Still, rubrication served a practical purpose. For the scribes it was not only decorative, but a means of textual articulation: To highlight incipits (the first few words of a text) and prologues, for underlining key words and phrases, and to highlight new-sentence capitals with red ticks. In time, typographic solutions—for example, italics, all-caps and much later boldface types—substituted for the assorted elements of scribal rubrication.
h as underlining, proved an insurmountable technical challenge for 15th-century printers. Two in Nuremberg Johann Sensenschmidt and Andreas Frisner, tried to print red underlines—rather than have a rubricator add them in by hand after the press run. They failed and printed an apology for it in their first edition of Peter Lombard’s commentaries on the Psalms, printed in 1478.
Despite early attempts, only about one in ten 15th-century books include some form of color printing. (Many more are rubricated by hand.) Technological limitations proved to be important in shaping the early printed book, which became the model of typography for five centuries. One might say that rubrication was recently revived as the colored and underlined web links of the digital page.
Practical and economic considerations led to the virtual abandonment of color, so by the 16th century printed books were largely monochromatic. The absence of color was not, then, an aesthetic or stylistic determination but simply an expedient. Christopher de Hamel, one of the world’s foremost experts on medieval manuscripts, highlights an important contrast when he writes that, “probably the most visible difference between any manuscript of the Middle Ages and later printed books is that the majority of manuscripts are in more than one color.” Not until Jacob Christoff Le Blon developed a trichromatic technique at the beginning of the 18th century—the forerunner of lithography and chromolithography—was there any significant technological advancement in color printing. Another century would pass before it became commercially viable.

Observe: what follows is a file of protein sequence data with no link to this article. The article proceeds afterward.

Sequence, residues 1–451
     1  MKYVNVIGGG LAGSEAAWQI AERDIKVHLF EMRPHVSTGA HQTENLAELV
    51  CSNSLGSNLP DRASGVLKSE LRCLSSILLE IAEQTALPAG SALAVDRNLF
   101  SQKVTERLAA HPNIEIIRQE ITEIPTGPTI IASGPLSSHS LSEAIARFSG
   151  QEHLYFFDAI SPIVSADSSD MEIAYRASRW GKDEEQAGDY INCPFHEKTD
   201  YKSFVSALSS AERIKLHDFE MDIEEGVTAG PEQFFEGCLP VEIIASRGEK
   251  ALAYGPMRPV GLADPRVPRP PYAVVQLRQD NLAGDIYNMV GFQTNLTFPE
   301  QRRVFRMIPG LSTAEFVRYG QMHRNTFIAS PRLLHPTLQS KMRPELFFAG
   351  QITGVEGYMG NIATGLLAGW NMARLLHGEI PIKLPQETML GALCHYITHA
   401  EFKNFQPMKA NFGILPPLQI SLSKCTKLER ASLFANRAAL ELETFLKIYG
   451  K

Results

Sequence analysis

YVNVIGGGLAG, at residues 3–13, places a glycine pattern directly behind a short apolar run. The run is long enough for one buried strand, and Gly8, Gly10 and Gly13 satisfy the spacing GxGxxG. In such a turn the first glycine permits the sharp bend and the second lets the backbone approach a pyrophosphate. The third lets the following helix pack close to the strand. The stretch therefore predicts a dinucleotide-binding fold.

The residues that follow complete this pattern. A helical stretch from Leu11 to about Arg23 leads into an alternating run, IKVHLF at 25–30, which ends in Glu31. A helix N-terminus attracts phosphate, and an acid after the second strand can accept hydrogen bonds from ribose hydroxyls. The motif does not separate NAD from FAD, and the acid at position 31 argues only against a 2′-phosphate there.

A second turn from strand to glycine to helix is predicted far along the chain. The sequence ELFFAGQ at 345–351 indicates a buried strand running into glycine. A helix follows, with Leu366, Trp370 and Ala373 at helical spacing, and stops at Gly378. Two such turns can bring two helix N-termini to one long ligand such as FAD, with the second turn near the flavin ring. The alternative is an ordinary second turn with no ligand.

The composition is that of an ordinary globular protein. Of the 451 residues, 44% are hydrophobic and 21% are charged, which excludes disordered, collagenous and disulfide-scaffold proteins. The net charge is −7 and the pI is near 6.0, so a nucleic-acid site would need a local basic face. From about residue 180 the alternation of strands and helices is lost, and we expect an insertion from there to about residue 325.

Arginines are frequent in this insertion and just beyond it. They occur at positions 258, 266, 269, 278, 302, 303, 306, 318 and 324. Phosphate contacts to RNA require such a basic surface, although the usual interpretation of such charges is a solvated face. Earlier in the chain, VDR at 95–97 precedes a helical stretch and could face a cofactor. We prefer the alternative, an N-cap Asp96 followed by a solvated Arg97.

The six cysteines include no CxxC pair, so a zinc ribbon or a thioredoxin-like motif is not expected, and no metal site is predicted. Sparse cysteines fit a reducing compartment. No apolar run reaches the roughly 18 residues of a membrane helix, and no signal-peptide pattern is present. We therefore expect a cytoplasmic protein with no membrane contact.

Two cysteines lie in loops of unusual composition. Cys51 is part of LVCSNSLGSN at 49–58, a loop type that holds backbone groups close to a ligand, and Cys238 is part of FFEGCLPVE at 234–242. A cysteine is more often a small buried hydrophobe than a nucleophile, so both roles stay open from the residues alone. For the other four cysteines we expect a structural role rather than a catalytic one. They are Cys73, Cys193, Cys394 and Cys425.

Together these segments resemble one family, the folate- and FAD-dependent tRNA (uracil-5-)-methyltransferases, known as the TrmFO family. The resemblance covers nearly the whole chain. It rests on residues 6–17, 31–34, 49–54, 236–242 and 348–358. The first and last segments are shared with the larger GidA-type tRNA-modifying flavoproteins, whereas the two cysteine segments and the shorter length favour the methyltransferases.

During the late 15th and early 16th centuries, many now-common aspects of typographic design were established. For example, the introduction of printed foliation, or “page numbers,” in a book issued from the press of Arnold Ther Hoernen in Cologne, in 1470. Rather than appearing in the lower margin, the page numbers are printed in the recto margins, halfway down the page. Pagination was not broadly adopted until the middle of the 16th century. Indexes begin to appear in printed books from the 1460s, with the earliest example issued from the press of Fust and Schoeffer in Mainz, no later than 1467.
Printed running heads first appeared in 1493, in an edition of Philosophia Pauperum by the learned 13th-century philosopher and theologian, Albertus Magnus, printed at Brescia in northern Italy, by Baptista Farfengus, a priest and doctor of canon law. The first notice of errata appeared in 1478, in a book printed by Gabriele di Pietro at his Venetian press, a feature that appears with increasing regularity from the 1490s. Invariably, such features were not immediately and widely adopted, but in time they came to be fixed as elements of the Western typographic canon.
It is difficult to comprehend a world in which books and typography do not exist. Worse still, and rather more disturbing, is to envisage a world not indifferent to but opposed to books, a denuded dystopian future of the kind that Ray Bradbury describes in his novel, Fahrenheit 451, its protagonist, Guy Montag, tasked with burning books—all books. The Reformation, the Enlightenment and the Scientific Revolution were fueled by and made permanent by the printed word. Thanks to the book, authors from beyond antiquity to the present day have voices loud enough to reach the entire world now and for generations and millennia to come. Noble souls have risked their lives for them, have been tortured for printing them and burned at the stake alongside them. But the book has survived the puritanical, the despots and the dictators and, whether handwritten, printed, or appearing as millions of pixels on a digital screen, typography and the typographic book have triumphed. It’s only up to us to read them.